When you create an estate plan one of the key benefits is that you’re dictating how you want your executor to distribute your assets when you pass away. An estate planning-related question I’ve gotten over the years is: “What about the house? Doesn’t my spouse just get the house straight away?” It’s true, many people do co-own real property (like a house) with their spouse. But, different types of concurrent estates (meaning co-ownership by two or more people) afford different rights to said co-owners.
So, the short answer to that commonly asked question about the house is: it depends.
Tenancy by Entirety
One type of co-ownership is called tenancy by entirety. This type exists only between spouses, and they hold the property (like a house) as one legal entity. If one spouse passes away, the surviving spouse takes the whole–becomes the sole owner–of the property.
This means the property would pass outside of probate, making for a simpler answer to the aforementioned “what about our house?” question. So, if something different was written in the deceased spouse’s will, this tenancy by entirety situation “wins” out. The same goes for if the spouse died intestate (without a will) and there’s no messing with which of the heirs-at-law gets what.
Another benefit is that the property is usually exempt from one spouse’s individual debts and liabilities. This means that a creditor couldn’t seize the property from the innocent spouse who is not legally responsible for the other spouse’s sole debts.
However, while this “special” concurrent estate come with the benefit of right of survivorship, there are certain limitations that come with it as well.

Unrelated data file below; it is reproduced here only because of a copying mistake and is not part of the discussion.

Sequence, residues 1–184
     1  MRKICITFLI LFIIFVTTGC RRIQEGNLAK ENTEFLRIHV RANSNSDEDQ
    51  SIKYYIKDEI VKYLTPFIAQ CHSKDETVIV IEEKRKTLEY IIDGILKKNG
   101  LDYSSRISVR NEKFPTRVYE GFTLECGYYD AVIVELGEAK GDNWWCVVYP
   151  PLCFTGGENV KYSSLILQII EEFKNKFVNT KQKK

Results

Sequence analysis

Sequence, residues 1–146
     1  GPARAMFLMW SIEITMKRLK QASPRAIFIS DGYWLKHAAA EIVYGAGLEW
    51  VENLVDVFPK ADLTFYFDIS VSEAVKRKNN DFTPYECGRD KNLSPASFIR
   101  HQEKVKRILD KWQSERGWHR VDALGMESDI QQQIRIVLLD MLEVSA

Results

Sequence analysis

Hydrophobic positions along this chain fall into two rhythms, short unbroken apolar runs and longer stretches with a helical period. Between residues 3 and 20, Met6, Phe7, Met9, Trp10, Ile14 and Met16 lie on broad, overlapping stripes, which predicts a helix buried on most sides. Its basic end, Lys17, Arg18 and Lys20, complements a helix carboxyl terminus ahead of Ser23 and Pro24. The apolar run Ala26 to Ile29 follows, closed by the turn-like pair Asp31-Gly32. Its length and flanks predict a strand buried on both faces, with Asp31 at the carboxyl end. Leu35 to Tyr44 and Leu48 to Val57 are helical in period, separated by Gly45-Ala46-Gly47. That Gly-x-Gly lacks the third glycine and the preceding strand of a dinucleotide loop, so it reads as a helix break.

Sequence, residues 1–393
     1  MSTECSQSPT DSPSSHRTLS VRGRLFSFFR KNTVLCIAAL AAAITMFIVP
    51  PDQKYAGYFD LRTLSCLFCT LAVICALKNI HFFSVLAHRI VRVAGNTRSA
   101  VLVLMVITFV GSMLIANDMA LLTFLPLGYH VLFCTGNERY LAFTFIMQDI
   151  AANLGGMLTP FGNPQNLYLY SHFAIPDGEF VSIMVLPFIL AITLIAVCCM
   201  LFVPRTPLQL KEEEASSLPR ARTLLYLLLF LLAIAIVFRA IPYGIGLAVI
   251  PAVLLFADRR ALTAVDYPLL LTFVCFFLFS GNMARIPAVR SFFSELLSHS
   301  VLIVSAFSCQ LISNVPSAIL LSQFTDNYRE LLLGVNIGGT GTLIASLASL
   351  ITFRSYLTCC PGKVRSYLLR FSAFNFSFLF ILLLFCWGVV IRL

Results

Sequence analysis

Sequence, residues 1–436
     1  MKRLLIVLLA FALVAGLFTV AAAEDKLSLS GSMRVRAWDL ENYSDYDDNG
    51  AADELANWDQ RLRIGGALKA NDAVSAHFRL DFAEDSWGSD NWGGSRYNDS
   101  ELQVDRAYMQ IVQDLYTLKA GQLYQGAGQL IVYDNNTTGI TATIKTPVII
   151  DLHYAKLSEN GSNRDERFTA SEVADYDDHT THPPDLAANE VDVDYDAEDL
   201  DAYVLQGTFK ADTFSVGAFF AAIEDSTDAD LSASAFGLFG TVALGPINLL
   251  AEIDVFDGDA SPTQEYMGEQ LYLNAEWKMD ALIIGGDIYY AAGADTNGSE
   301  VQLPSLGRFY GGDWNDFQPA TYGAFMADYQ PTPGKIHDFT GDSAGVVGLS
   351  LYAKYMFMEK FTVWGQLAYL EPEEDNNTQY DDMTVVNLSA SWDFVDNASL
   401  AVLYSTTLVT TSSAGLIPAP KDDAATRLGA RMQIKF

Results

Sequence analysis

Spouses can choose to sever, mortgage, transfer, or sell the tenancy by the entirety, but neither can do so acting alone; both have to be in agreement.
It should also be noted that divorce terminates the tenancy by entirety.
Not in Iowa
Iowa does NOT recognize tenancy by entirety, but these 26 other states do. So, if you’re sharing this info with loved ones or if you co-own property in one of those states, you’ll want to speak with an experienced estate planner about how this type of concurrent estate fits in with your estate planning goals.
What about other types of concurrent estates?
There’s much more that can be said on this phrase and I’d be happy to consult with you personally.
If this post wasn’t exciting enough for you and you want to learn even more about concurrent estates, you’re in luck! We’ll talk about tenancy in common and joint tenancy in the next couple posts.
Want to make certain your assets, including big ones like land or a house, pass how and to whom you choose? Schedule a free consult at your convenience and get started on my free, no-obligation estate plan questionnaire.